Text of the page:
Second sinkhole appears
The latest sinkhole opened between two homes and was about 12-feet round, 3 feet deep around the edge and about 5 feet deep in the center, said Hillsborough County spokesman Willie Puz.
He said the latest sinkhole appears to be unrelated to the one that opened last Thursday under the home of 37-year-old Jeff Bush.
"It is not geologically connected," Puz said.
Bush disappeared into the hole that opened up under his bedroom on Thursday night. The other occupants of the house, which is owned by the family of Jeremy Bush's fiancee, had been preparing for bed when they heard a loud crash and Jeff Bush screaming.
The hole was about 30 feet wide and 60 feet deep and filled with clay and debris. It is unlikely that Bush's body will ever be retrieved, officials said.
On Monday, demolition crews returned to Bush's home to demolish the rest of the house before efforts will begin to stabilize the sinkhole.
Two nearby houses have been evacuated because the sinkhole has weakened the ground underneath them, and their residents probably will never be allowed inside again, said Jessica Damico of Hillsborough County Fire Rescue.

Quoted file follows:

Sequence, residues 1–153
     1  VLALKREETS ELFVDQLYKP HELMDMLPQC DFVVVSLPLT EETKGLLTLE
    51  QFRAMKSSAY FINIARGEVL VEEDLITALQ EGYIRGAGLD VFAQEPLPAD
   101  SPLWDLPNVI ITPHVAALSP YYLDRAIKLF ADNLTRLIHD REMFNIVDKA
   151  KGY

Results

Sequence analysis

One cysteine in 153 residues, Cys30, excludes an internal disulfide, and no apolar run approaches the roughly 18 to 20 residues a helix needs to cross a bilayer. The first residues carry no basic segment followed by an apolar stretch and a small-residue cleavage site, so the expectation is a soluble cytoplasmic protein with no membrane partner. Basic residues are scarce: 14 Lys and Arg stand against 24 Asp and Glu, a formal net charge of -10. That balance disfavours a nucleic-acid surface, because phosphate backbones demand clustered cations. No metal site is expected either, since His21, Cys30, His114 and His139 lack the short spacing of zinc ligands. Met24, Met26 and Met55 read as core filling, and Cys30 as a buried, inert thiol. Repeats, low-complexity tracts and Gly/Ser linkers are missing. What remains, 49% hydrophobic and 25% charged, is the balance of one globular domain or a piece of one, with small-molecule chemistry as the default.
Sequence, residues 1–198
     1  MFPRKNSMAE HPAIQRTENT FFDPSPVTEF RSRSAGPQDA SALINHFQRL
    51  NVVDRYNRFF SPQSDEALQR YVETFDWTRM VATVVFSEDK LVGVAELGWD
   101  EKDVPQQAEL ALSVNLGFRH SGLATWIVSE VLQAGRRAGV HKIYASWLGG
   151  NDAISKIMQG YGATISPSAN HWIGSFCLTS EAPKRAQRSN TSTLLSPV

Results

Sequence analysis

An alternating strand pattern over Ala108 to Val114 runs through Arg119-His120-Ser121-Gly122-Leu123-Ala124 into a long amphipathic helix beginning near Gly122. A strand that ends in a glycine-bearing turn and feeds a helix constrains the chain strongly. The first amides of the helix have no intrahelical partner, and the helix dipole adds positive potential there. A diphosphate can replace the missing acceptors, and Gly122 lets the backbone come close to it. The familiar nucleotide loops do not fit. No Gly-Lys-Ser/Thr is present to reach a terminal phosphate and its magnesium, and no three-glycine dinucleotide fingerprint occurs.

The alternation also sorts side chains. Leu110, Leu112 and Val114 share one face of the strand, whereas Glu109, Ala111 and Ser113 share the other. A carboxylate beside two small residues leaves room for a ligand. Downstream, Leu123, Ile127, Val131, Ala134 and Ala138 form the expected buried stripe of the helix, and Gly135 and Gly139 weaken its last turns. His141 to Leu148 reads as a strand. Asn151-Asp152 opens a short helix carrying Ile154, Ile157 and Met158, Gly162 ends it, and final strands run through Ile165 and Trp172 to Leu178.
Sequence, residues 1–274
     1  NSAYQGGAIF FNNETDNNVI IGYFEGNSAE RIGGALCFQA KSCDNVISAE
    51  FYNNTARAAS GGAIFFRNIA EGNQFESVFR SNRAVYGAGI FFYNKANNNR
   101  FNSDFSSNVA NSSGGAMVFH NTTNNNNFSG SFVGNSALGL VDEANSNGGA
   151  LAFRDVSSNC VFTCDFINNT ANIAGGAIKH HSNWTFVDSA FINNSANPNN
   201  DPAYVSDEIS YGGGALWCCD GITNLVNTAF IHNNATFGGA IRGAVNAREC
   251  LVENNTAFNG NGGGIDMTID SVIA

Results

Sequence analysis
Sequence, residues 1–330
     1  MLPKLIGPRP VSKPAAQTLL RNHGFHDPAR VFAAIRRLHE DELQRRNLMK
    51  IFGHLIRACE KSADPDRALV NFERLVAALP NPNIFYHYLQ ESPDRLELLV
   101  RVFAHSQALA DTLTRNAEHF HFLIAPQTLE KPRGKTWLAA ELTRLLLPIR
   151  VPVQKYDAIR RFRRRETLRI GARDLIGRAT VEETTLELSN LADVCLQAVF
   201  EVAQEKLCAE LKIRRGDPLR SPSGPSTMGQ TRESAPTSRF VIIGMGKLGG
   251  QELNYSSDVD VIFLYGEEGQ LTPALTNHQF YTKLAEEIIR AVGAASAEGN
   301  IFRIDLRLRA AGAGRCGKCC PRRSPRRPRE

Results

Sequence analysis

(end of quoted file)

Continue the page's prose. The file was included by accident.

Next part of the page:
Bush, a landscaper who mowed highway medians for a living, had moved into the four-bedroom home only two months ago which he shared with his brother, Jeremy Bush, 36, and four others.
Workers recovered a family Bible, flag, military medals, a purse, teddy bears and generations of photos. On Monday they recovered two antique rifles that were family heirlooms.
With the sinkhole expanding, engineers placed listening devices, microphones, ground-penetrating radar and other equipment testing the soil on the site to seek a safety zone to work and any sign of life below. They detected no such sign.
Jeremy Bush said the family was discussing plans for a memorial service and a possible marker at the site.
"I'm the only one who tried to get him out," he said, while begging county authorities to do more to find his brother's body when the lot is cleared.
Sinkholes in Florida are caused by the state's porous geological bedrock, according to the Florida Department of Environmental Protection.
As acidic rainwater filters into the ground, it dissolves the rock, causing erosion that can lead to underground caverns, which cause sinkholes when they collapse.
The latest sinkhole did not cause any injuries or structural damage to the homes around it.